- About Us
- Local Savings
- Green Editions
- Legal Notices
- Weekly Ads
Connect with Us
Fight meth through community awareness
By Teresa Herriman
When thieves broke into several businesses in Bonney Lake, they didn't just take cash; they stole business records and customer checks. The theft was devastating to the small businesses involved, but may also have serious repercussions for the customers who could find their identities stolen as a result.
The Bonney Lake Police Department is working to recover the stolen records. In the meantime, they are attempting to raise the awareness of property crimes and the reason they are so prevalent in the area. The reason is methamphetamine addiction.
Recently, officers Brian Byerly and Dana Hubbard spoke to a gathering of businessmen and women at a meeting of the Bonney Lake Chamber of Commerce.
Byerly, also a member of the Metro SWAT team, previously worked for more than two years with the Sumner Police Department. He has also been with the Pierce County Sheriff's Office. Through the years he has seen east Pierce County distinguish itself as the third-largest producer of methamphetamine. Along with the dubious honor comes a rash of personal and property crimes, as meth addicts seek to support their habits.
"Meth re-wires the brain to only want one thing - meth," Byerly said. "That's why you see a lot of crimes."
A heavy user will need $100 a day to feed his or her habit. Someone who is that addicted can't keep a job, so they turn to crime, forging checks, stealing identities, cars and just about anything else, Byerly explained.
The Bonney Lake officers are trying to provide community awareness training to help regular people be "the eyes and ears of the police department," Byerly said.
While crime, violence and the abuse and neglect of children present at meth manufacturing sites continues to increase, the effect of harboring such a high concentration of meth-addicted adults goes beyond crime. Meth creates a significant threat to the health and safety of everyone in the community, Byerly said. Some of the compounds used in the manufacturing process are a hazard to public health.
"I retrieved part of (a meth lab) in a Bonney Lake Elementary School dumpster," Byerly said.
Methamphetamine, commonly called "meth," is a powder that can be eaten, snorted, injected or smoked. Addicts have described the effect as "cocaine times 10." The drug serves as a stimulant on the central nervous system, creating a high that lasts about 12 hours, the officers explained.
According to Byerly, there are an estimated 900,000 Americans in 2000 who are chronic meth users. The primary attraction is the ease in which the drug can be manufactured. Many addicts make their own drugs in "habit labs," although major manufacturers in Mexico generate 100 to 200 pounds of meth a month.
In the 1980s, it took 48 hours to manufacture meth. These days, habit lab-operators can make the drug in less than half an hour.
"A talking monkey can (make meth)," Byerly said sarcastically.
The key ingredient is pseudoephedrine, a drug used primarily in cold medications. Byerly and Hubbard asked store owners to be on the lookout for customers buying large quantities of over-the-counter cold medications.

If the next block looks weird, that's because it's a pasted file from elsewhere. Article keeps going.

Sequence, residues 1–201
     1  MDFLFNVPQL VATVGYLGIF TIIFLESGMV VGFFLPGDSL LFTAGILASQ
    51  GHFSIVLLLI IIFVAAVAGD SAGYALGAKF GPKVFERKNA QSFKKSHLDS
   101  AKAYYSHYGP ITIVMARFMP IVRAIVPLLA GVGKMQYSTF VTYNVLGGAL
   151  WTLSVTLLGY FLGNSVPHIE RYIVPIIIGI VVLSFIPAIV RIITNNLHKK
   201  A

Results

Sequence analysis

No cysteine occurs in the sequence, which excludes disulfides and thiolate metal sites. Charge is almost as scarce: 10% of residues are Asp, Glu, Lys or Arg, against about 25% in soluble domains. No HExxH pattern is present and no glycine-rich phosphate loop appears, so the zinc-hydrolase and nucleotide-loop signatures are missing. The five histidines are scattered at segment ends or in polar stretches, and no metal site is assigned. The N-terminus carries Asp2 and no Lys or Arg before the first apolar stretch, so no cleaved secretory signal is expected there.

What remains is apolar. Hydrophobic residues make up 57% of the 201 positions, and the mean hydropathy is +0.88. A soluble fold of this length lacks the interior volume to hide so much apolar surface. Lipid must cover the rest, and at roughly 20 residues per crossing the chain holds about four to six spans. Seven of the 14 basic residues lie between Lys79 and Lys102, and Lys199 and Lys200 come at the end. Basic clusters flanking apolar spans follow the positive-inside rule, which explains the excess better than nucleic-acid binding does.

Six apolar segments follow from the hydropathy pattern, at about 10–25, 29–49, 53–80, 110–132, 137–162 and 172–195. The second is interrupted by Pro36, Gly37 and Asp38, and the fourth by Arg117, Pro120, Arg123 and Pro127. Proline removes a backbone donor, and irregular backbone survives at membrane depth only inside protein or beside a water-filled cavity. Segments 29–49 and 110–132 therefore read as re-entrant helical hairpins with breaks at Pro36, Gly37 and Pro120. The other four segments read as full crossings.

As store owners have been keeping pseudoephedrine-based medications locked up and limiting the number of bottles sold per customer, addicts have learned to seek other sources. Lately, large-scale pseudoephedrine distribution companies have found a lucrative outlet in local convenient stores. Storeowners, enticed by the huge amounts of money, sell the drug out the back door.
The penalties, if caught, are staggering. Anyone who sells, transfers or otherwise furnishes illegal quantities of substances used in the production of meth could face 10 years to life in prison.
The police department is asking local vendors to be alert to suspicious activity. Byerly warns, however, that meth addicts can be exceptionally violent. Don't be a hero, he said. Call 9-1-1 and be a good witness.
Do not touch possible meth lab ingredients, he added. Contamination from exposure to some of the more dangerous chemicals can occur in less than three seconds.
The Bonney Lake Police are asking business people to raise awareness at their work place by posting informational flyers for employees.
Byerly recommended commercial businesses use a security system to protect themselves and customer records. Businesses can also program cash registers and scanner to alert cashiers or managers to suspicious purchases. When in doubt, refuse to sell the products, he said.
Meth addiction and related crime cannot be easily stopped. Only 6 percent of meth addicts successfully recover and more adults become addicted every year, Byerly said. The best police can hope for is to make doing business so difficult, the addicts are forced to move somewhere else.
Citizens are asked to report suspicious activity to the Bonney Lake Police Department by calling 9-1-1 or in the case of non-emergencies, 253-863-2218. The Pierce County Sheriff's lab team can be reached at 253-798-4721.
Teresa Herriman can be reached at email@example.com.